For psychologist Howard Gardner, professor at Harvard University, our brain is like an orchestra. Instead of brass or string sections, Gardner describes a landscape made from regions of cerebral cortex specialised in numbers, music or socialising. The distinctive feature is that every section performs with relative independence and does not play with the same dexterity. An individual can be useless with body language and be a sublime orator, or a great musician may not understand anything about numbers. That is why Gardner maintains that we have multiple intelligences, more specifically eight different ways to process information and solve problems. Professor Gardner therefore formulates an alternative theory to substitute the traditional concept of intelligence –general intelligence, represented with the letter g–, which considers that mental skills of an individual are uniform and interconnected, and that by means of a test one can get to determine the Intelligence Quotient (IQ) of any such individual.
Howard Garner’s theory provoked a great deal of criticism against the field of neurology –some scientists even consider it a pseudoscience–, and some claim, for instance, that the number of intelligences established by the theory are purely random. Nonetheless, the fact is that the idea of a single IQ measuring every intellectual ability at once is not compatible either with the results of the largest study about intelligence to date. Adam Hampshire and Adrian Owen, among others, carried it out in 2012 at the University of Western Ontario in Canada. According to these authors, «intelligence is an emergent property of anatomically different cognitive systems, and each one has its own potential». That is, intelligence has multiple faces, impossible to reduce.
Professor Gardner is considered one of the most influential intellectuals in the world. Awarded with the Príncipe de Asturias and many other awards, his ideas have inspired thousands of schools in all five continents, where different intellectual abilities are cultivated in each student and all kinds of innovative methods are used in order to achieve it. Gardner’s ideas also boost creativity, suggest teachers to think on new ways to bring the concepts they are explaining closer. There are alternative focuses to the logical and verbal, such as music or painting, and each approach will contribute in involving more and more students in what they are learning.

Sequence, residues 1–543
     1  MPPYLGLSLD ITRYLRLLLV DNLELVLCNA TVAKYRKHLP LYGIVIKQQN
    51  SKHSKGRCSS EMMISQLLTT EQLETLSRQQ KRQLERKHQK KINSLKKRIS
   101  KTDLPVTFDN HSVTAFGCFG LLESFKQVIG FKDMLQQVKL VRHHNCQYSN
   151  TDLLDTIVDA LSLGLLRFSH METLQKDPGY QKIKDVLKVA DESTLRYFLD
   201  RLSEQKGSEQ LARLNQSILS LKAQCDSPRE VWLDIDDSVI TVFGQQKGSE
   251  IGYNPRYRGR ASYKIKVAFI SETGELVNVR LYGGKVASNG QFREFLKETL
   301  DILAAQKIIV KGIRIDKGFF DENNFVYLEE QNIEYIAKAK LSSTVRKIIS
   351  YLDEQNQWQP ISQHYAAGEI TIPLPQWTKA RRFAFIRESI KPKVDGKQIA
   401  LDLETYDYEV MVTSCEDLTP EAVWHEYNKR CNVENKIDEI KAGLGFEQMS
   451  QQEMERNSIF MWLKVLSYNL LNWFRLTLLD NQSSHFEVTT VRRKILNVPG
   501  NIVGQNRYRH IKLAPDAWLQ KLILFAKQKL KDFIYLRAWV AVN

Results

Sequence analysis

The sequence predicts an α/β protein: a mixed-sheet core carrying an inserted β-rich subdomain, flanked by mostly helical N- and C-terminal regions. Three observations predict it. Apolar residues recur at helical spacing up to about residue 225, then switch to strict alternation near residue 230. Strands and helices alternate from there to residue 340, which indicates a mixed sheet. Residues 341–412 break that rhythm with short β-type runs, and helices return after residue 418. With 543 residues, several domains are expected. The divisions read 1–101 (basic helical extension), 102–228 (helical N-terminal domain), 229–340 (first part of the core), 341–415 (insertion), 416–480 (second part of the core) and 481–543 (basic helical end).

The psychologist claims that memory education is superficial. Students should rather be given the intellectual tools to think as a scientist or a painter would. According to Gardner, students develop theories about everything that surrounds them before going to school, and teaching them new ideas is as important as fighting those previous conceptions. When it is not like that, new content goes unnoticed and do not transform the mind of the student (the ultimate goal of education).
The fundamental questions about education were asked to Howard Gardner: What do we expect of education? What to learn and how to learn it? Essential issues about the society we want to build lie in education. Concepts such as truth, goodness or beauty articulate society and have to be the backbone of education as well (this is precisely the topic of his last book, “Truth, Beauty and Goodness Reframed: Education for the Virtues in the Twenty-First Century?”). During the interview, I cannot avoid telling him that he seems a revolutionary, defending these virtues, when it is a cliché to brand them as illusions.
You maintain that while teaching, teachers communicate an idea about how the human being has to be.
You defend that students have to learn basic intellectual skills in schools. The problem is that it is much easier for teachers to teach lists of names. How can we change these old routines?
Which of your ideas do you think are more accepted and which ones do you think deserve more attention?
Some neurologists claim that Multiple Intelligence Theory is a myth1. Are you worried about this criticism? Do you think these critics are unfair?
Do you have any expectations that neuroscience will improve the way to teach and learn?
Psychologist Geoffrey Miller recently talked in Edge2 about Chinese eugenics and the selection of embryos to obtain more intelligent individuals carried out by the authorities of the country from the 1990s. What do you think about this social experiment?
How do you imagine the schools of the future? Are we really going to need schools?
1. A potent critique to a number of conceptions influencing pedagogy, such as the Multiple Intelligences Theory, can be read in Paul Howard-Jones’ study Potential Educational Developments Involving Neuroscience that May Arrive by 2025. (Go back)
«There is no point in memorizing lists, names, formulas, since they are all contained in our smartphones and pads. Even a mediocre teacher will soon realize»
«No neuroscientific finding in and of itself will ever dictate what to do. Education is fundamentally an area where values are paramount»